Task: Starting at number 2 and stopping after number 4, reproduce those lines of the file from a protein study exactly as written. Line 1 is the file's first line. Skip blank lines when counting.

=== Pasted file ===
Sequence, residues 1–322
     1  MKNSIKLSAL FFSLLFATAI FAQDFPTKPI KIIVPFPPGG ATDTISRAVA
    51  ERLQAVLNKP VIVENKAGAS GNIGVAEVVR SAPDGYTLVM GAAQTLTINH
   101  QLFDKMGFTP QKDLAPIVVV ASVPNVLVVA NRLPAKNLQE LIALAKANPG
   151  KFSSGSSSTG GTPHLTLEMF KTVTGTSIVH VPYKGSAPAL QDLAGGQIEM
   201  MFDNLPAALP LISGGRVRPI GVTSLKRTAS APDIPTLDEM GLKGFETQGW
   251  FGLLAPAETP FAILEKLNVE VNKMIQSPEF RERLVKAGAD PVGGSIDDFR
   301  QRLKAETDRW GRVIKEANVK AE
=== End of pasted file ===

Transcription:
     1  MKNSIKLSAL FFSLLFATAI FAQDFPTKPI KIIVPFPPGG ATDTISRAVA
    51  ERLQAVLNKP VIVENKAGAS GNIGVAEVVR SAPDGYTLVM GAAQTLTINH
   101  QLFDKMGFTP QKDLAPIVVV ASVPNVLVVA NRLPAKNLQE LIALAKANPG